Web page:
There are a lot of references to God in the twelve steps, and yet AA has managed to stay fairly clear of many of the controversies that go along with religion. They meet often in churches (because churches will donate their facilities more readily than others), but the things that keep people commonly away from church don’t seem to keep them from AA meetings. People come as they are. Some smoke outside during breaks. There may be some raw language used in the telling of stories. No one minds. There is no pastor or even AA leader in charge. No one talks down to anyone; they all talk across. The lead passes from one to another each week, but these are people who have been coming for years and have their own stories to tell. There is no “minister to alcoholics.” If ministry goes on, it’s alcoholics ministering to each other. Most non-Christians are comfortable at an AA meeting because no one is trying to push anything. They’re just trying to help. It’s a totally different environment than church. It shouldn’t be, but it is.
God is mentioned in four of the steps and alluded to in two others. Once He is “a Power greater than ourselves” (often referred to as the “Higher Power”). Once He is simply the male pronoun, “Him.” Twice, He is “God as we understood Him.” For people who feel uncomfortable around any mention of God, there are secular steps and secular AA meetings where all mention of God has been removed, but it’s hardly necessary. “God as we understood Him” pretty much takes care of everyone.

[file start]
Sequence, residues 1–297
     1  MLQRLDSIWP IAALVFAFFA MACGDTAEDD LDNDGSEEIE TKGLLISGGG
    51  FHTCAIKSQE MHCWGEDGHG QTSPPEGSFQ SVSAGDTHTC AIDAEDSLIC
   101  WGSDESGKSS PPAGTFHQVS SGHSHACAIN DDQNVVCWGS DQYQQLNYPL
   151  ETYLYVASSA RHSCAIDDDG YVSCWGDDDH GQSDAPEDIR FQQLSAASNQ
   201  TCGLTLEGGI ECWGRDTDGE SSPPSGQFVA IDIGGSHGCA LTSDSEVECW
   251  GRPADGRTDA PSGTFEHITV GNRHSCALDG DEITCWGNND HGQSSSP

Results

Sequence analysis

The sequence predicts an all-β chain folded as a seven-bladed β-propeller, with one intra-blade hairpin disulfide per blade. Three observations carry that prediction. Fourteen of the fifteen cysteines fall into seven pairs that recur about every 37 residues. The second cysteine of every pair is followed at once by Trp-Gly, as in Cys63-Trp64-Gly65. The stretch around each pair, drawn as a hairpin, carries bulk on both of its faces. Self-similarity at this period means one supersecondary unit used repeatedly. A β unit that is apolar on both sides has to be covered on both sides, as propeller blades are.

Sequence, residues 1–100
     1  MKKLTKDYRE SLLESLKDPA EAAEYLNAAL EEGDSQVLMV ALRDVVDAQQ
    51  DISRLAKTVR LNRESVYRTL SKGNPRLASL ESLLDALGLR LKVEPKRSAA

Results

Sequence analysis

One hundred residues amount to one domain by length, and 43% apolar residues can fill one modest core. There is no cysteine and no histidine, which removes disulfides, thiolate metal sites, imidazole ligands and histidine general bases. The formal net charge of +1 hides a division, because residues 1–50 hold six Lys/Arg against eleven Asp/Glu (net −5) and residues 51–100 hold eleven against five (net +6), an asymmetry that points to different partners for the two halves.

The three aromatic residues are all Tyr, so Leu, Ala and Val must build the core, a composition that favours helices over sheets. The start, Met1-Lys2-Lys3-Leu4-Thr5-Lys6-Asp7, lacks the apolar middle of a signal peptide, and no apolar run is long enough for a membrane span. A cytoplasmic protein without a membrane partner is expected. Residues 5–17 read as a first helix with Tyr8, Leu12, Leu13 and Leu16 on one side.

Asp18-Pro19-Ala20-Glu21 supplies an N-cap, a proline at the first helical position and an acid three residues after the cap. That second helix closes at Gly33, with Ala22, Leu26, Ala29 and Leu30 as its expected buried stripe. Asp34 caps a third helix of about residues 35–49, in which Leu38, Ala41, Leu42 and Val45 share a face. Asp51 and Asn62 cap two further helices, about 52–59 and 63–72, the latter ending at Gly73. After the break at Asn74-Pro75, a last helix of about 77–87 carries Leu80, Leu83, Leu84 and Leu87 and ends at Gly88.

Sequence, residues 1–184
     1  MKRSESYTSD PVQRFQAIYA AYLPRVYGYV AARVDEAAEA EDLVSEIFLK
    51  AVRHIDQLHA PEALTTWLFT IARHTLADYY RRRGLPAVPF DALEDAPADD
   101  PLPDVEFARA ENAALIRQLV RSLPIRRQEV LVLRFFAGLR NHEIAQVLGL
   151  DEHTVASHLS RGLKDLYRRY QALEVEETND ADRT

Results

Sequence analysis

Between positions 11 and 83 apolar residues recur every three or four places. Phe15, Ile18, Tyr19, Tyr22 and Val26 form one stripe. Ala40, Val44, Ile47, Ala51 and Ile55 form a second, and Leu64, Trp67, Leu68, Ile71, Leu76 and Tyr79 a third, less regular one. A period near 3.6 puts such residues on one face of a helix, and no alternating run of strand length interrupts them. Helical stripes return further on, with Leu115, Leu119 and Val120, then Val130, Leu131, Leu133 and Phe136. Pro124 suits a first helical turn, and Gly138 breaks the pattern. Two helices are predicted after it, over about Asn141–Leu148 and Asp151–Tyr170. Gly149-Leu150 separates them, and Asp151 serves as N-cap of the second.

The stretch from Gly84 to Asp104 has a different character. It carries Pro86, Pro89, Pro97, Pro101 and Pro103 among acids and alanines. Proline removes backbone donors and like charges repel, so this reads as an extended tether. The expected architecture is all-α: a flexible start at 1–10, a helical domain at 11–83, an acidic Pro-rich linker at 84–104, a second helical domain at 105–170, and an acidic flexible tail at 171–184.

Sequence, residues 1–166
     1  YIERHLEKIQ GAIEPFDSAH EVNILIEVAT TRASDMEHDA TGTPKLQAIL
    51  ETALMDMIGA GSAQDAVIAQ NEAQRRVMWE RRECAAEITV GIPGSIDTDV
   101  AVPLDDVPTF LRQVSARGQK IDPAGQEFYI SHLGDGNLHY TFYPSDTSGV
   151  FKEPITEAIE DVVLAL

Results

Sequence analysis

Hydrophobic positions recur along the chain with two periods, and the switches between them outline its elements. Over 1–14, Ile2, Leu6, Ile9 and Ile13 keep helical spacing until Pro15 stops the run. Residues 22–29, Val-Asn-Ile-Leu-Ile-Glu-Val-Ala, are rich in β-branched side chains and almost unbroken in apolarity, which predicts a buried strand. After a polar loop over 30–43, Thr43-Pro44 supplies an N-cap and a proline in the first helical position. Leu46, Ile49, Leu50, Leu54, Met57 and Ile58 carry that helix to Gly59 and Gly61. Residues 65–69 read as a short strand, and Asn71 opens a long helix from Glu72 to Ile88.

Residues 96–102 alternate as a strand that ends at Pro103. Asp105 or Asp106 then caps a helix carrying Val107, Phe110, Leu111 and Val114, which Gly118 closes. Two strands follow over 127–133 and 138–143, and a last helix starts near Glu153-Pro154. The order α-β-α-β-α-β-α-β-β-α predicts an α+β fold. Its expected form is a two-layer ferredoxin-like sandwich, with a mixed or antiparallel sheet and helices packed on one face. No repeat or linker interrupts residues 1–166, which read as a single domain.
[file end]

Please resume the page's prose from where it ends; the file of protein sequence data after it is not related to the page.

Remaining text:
Actually, “God as we understood Him” is a pretty good term for us all. Certainly we have much to understand about God from the scriptures where His attributes are listed and His actions in history can be noted and things deduced from those actions about His character. But “God as we understood Him” implies also a personal knowledge of God that we each have that is unique to us. This is “God as we understood Him,” and God, as we are understanding Him to be each day as we grow in the knowledge of Him. It is a living, experiential reality. I would call it, “God, as we are coming to know Him.”
Our knowledge of God is entirely need-based. We do not come to know God as equals chatting over coffee. We come to know God through our deep and lasting need for Him. He has created in us a hunger that can only be satisfied with Himself, and He allowed us to fall so we would discover how bad off we are without Him.
This is the magic of AA. You come in the door with your need all over your face, your life, your relationships, your heart, and that need takes you to the only one who can truly help you — to the Lord Himself. Call Him whatever you want, He is the savior of the world.
Millions of people have become sober through AA. When you consider that many of them are meeting God in the process, you realize that sobriety is only a means to a much greater end. The road to recovery leads to the lap of God.